Sun JDK vs OpenJDK - Sun JRE vs OpenJDK JRE
Andrew John Hughes
gnu_andrew at member.fsf.org
Sun Sep 14 01:14:36 UTC 2008
2008/9/13 Dalibor Topic <Dalibor.Topic at sun.com>:
>> So what happens when something in IcedTea needs to go back into OpenJDK?
> It gets submitted to the corresponding project's mailing list for review
> (for example the build-dev mailing list for build patches),
> gets reviewed, and if the SCA isn't signed, the submitter signs the SCA
> and then the patch eventually goes in.
>> Has that actually happened?
> It happens regularly, yes, of course. Please see the release notes for
> OpenJDK 6 builds for details.
For minor bug fixes, yes. Not for anything really substantial, and what
has gone through has been slow. IcedTea still has 80 odd patches,
though not all of them would be candidates for upstream. Things are
even worse with the OpenJDK tree (that's the
The recent establishment of an 'OpenJDK infrastructure' has meant
that some autonomous projects and code trees have appeared with
Sun hosting mainly from the challenge process e.g. caciocavallo,
(Roman and Mario's AWT work) and closures, but also the BSD port.
Again, these are based on the '7' tree. There is still no OpenJDK6 tree.
>> But then if they're doing it "over there", how does that make them
>> part of the community "over here"?
> IcedTea development mailing list is the OpenJDK mailing list
> distro-pkg-dev. The bugzilla and mercurial server
> used by IcedTea are not hosted by OpenJDK though, they have been created
> before OpenJDK had corresponding
> infrastructure in place (and the bugzilla instance is not there yet, for
> example). A lot of IcedTea development also
> makes its way into the upstream OpenJDK 6 builds, so it goes out on
> corresponding OpenJDK project mailing lists.
I think that's pushing things a little in the name of making the point.
Sun and the IcedTea community still seem very separate and distinct to me,
even if we happen to have a mailing list hosted as part of openjdk.java.net.
The patches seem to have largely been handled as individual contributions,
not as from the IcedTea projects. Joe's work on OpenJDK6 is an exception to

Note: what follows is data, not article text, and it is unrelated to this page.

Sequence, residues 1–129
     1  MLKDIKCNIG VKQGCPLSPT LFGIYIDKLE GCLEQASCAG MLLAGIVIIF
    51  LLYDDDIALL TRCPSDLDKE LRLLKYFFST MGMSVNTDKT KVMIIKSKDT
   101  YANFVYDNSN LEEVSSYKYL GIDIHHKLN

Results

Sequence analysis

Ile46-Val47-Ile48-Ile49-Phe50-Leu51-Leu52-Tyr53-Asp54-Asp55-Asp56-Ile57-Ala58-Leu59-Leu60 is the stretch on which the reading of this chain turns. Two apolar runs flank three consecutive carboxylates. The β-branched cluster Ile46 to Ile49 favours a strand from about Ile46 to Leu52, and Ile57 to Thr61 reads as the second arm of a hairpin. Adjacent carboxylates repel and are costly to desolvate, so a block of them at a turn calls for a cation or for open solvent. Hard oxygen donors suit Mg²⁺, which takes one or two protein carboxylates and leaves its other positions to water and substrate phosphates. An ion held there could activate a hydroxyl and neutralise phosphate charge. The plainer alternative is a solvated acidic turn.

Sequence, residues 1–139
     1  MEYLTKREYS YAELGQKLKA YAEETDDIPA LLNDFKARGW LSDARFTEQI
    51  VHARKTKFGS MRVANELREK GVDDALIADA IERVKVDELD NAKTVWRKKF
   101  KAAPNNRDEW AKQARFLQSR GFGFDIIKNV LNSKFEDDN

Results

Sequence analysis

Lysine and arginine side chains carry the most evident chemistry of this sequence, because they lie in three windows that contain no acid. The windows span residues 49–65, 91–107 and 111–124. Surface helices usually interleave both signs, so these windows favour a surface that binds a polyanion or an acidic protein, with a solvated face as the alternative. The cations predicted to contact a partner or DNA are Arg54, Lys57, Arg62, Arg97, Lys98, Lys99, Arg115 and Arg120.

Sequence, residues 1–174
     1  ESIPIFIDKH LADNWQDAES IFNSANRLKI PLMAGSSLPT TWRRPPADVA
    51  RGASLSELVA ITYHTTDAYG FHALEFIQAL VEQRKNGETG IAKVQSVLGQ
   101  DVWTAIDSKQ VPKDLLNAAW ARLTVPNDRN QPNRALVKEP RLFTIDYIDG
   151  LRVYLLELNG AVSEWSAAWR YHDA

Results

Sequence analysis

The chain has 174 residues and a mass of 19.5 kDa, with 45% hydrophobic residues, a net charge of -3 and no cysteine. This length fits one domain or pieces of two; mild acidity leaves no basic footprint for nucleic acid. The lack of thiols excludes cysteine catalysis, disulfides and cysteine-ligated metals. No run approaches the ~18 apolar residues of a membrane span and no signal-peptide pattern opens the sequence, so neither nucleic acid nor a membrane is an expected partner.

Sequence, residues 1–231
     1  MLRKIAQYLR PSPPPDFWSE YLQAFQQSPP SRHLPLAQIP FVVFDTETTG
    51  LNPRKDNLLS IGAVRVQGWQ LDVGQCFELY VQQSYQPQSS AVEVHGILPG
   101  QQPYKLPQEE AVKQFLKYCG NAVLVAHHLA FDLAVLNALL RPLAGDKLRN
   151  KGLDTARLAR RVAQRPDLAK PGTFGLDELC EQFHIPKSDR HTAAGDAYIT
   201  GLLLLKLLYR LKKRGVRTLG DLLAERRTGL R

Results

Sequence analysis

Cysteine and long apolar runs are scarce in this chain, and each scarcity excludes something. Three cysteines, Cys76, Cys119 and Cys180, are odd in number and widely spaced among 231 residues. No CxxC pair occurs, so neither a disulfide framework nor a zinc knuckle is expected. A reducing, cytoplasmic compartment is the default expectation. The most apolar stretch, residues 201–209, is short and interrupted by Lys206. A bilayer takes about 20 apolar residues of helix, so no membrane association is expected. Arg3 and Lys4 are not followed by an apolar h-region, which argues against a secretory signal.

this rule, and I praise his solo work on this tree and his explicit
IcedTea patches. But clearly Sun's commitment to OpenJDK6, the version
used as the base for every distro version, only runs to one employee
as far as we can see.
> I know this sounds very confusing to people used to drawing gates around
> communities - the squishy concept
> of a community of communities around a shared backbone is something that
> OpenJDK has adopted from GNU
> Classpath, where it has worked really nicely to enable permeable
I'm sorry, I don't see this 'community of communities', except in the
form of the existing
GNU Classpath community, who are slowly becoming the IcedTea community too.
Sun haven't integrated into this to any great extent; there is little
discussion of work
being done, just big blobs of code being dropped every so often and
lots of commits
with no rationale for them.
Sun need to open their processes more if they are going to become part
of the community.
There have been promises of this, but I've seen very little change
since JavaOne. There is
still no bug database for example. The most code development
apparently seems to be
still going on in a proprietary code base, making all this 'everything
will be free from now on'
I think what IcedTea proves is that the community will carry on,
regardless of what Sun does.
That's why it has an independent bug database, independent
repositories, etc. These things
are needed, Sun have failed to produce them and so the community has
done their own thing.
The same goes for the plugin. To me, the Sun involvement has felt
like arbitrary blobs of code
we have to merge in to IcedTea for quite a while now, and don't think
you can call that community
At this rate, the only difference with the development of OpenJDK over
codebases will be that we can see every minutae, every changeset going
in. However, we won't
have been involved in its development, just in making it fit for human
consumption. It is solely
up to Sun when and how they choose to fix this; the community will
carry on regardless.
>> Is there a certified, non-sun java se impl yet?
> The Fedora 9 binaries on x86 and amd64 have passed the SE 6 TCK.
> Sun doesn't control what goes into those binaries, the Fedora community
> and obviously does it quite successfully.
I don't think that's what Geir meant; he just didn't word his question
correctly. The TCK license terms
specifically require that the binaries are 'substantially derived'
from OpenJDK so
Harmony+DRLVM or GNU Classpath+something like CACAO, JamVM, GCJ or
Kaffe (remember that?)
can not meet these terms.
I don't think this is a technical requirement, but a business one as
we've already said.
And fortunately there is a hacky way of getting at least something
close to what we want
until Sun choose to sort this out properly; certify HotSpot + another
class library (GNU Classpath or Harmony),
and certify the OpenJDK class library + VM (CACAO is already someway
along this road).
It's by no means a perfect or working solution, but it means most of
the technical fixes
could be made before a true integration is made possible.
> dalibor topic
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Sorry if this sounds a little bitter - I'm not. I'm just losing patience and
tired of Sun's empty promises.
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